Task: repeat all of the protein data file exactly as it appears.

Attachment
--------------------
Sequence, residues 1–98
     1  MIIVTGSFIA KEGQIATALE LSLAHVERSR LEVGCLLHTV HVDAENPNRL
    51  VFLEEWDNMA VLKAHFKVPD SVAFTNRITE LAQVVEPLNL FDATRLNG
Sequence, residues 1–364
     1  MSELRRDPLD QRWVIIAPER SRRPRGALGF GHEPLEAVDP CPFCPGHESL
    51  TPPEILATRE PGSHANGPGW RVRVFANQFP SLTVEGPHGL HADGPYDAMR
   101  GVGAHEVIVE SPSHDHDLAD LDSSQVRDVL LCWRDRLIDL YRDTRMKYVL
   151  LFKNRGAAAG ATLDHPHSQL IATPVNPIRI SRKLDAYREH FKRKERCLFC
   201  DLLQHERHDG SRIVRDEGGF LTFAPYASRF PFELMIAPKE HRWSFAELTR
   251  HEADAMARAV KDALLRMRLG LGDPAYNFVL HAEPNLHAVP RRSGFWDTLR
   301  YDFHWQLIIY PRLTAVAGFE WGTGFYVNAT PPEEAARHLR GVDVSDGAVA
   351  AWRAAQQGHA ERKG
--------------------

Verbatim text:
Sequence, residues 1–98
     1  MIIVTGSFIA KEGQIATALE LSLAHVERSR LEVGCLLHTV HVDAENPNRL
    51  VFLEEWDNMA VLKAHFKVPD SVAFTNRITE LAQVVEPLNL FDATRLNG
Sequence, residues 1–364
     1  MSELRRDPLD QRWVIIAPER SRRPRGALGF GHEPLEAVDP CPFCPGHESL
    51  TPPEILATRE PGSHANGPGW RVRVFANQFP SLTVEGPHGL HADGPYDAMR
   101  GVGAHEVIVE SPSHDHDLAD LDSSQVRDVL LCWRDRLIDL YRDTRMKYVL
   151  LFKNRGAAAG ATLDHPHSQL IATPVNPIRI SRKLDAYREH FKRKERCLFC
   201  DLLQHERHDG SRIVRDEGGF LTFAPYASRF PFELMIAPKE HRWSFAELTR
   251  HEADAMARAV KDALLRMRLG LGDPAYNFVL HAEPNLHAVP RRSGFWDTLR
   301  YDFHWQLIIY PRLTAVAGFE WGTGFYVNAT PPEEAARHLR GVDVSDGAVA
   351  AWRAAQQGHA ERKG